• In all honesty Colonel Jessep should not have been considered by the court to be put on the stand. To begin with the dealings of what occurred with the death of some lowly private would be way below his pay-grade and would be exempt from having to investigate it or give the story a second thought. The Lieutenant under Jessep's command would be the right pay-grade to be bothered with this case (and he is). Furthermore it is more or less figured out by the Defense that it was the Lieutenant who directly made the order of the code red so it should have been his responsibility to deal with the consequences making the Colonel free from the guilt of paying for any crimes. The only reason Colonel Jessep would feel the need to let himself be put on the stand is to avoid a Congressional investigation which would legally require the commander of the base to be put on the stand and this would seriously stifle any plans he might have to rank up to being a General Officer, this was just Jessep trying to get the problem out of the way so he can get back to his career. It is not that Jessep is to be admired as a saintly commanding officer but under the law he shouldn't have had anything to worry about.
      • OP here: you are wrong on both counts. First of all, regardless of Jessep's pay-grade, he was the one who ordered Lt. Kendrick to order Dawson and Downey to give Santiago the code red, an order that was illegal, as he had been ordered by his superior officer to discontinue the practice of giving codes red. As such, he, Jessep, is legally culpable for the consequences, i.e., Santiago's death. Kendrick is also culpable, which is why he also gets arrested at the end, but that does not negate Jessep's culpability. Second of all, under the U.S. Constitution, the defense can call any witness, by subpoena if necessary, to testify, so long as that testimony is itself admissible. That applies to courts civil and martial alike, and it does not matter if the victim and the accused in the case are both privates, and the witness is the chairman of the joint chiefs of staff himself. That's what that whole "equality under the law" thing is all about. If a general has relevant testimony to give in a case against a private, that private can subpoena that general to testify, and he must come before the court. And in any case, I wasn't talking about Jessep's legal culpability, which is without question: the man is clearly legally guilty. I was talking about his moral culpability, and that the film seems to have no sympathy for him, and seems to expect us, the audience, to have no sympathy for him either. That I don't understand, since his goal, after all, was to train Santiago, not to hurt him; that's what Dawson justifies himself in his own testimony, but the same thing is just as true for Jessep.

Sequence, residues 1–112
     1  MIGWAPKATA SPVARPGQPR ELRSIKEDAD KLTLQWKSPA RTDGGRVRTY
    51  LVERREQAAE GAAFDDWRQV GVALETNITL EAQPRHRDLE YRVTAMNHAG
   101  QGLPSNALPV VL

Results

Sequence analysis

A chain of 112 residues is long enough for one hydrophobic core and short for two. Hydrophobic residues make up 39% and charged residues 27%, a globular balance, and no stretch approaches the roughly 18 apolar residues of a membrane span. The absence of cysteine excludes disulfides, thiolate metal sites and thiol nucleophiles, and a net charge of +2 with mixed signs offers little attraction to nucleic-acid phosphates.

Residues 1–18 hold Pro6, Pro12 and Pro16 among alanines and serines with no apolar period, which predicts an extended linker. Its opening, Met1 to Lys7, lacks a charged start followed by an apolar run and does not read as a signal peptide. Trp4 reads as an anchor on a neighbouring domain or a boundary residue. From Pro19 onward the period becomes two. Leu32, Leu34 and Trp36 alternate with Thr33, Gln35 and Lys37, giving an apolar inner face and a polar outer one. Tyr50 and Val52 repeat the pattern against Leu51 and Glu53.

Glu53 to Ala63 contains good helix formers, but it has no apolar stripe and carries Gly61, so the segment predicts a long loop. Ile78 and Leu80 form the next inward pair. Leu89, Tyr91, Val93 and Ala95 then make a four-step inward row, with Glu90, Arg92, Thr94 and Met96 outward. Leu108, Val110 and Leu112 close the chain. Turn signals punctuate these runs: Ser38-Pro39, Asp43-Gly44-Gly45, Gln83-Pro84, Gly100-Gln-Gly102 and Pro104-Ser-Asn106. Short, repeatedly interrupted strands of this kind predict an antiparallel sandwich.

• The problem is that Code Reds are, from the get-go, immoral whether or not Jessep believes they are irreplaceably effective. Hazing, in all branches of the US military, is illegal for multiple reasons. Even setting aside the possibility of physical injury, it demoralizes the victims and hurts unit cohesion. Soldiers need to trust and depend upon one another to be an effective unit. How are you going to put your life in the hands of the guys who just beat the shit out of you last night? As someone at the top of the page pointed out, even if he'd survived the incident, Santiago would know he has no allies on the base. Speaking with 10 years' military experience, the last thing you want to do to a struggling soldier is to isolate him.
      • Be that as it may, that would just mean that Jessep was mistaken, not evil. Moreover, the film itself never argues, or even suggests, that codes red don't work; quite the contrary, in fact. I think we sort of have to say that in the world of the film, they are effective. But even if not, it's clear that Jessep sincerely believes that they work, and that this will train Santiago. Dawson's statement on the stand, when asked why he gave Santiago the code red, "To train him, sir," could just as easily be uttered by Jessep at his own trial. Again, I'm not saying that Jessep ought to be up for sainthood, only that I don't see why the movie treats him like the devil.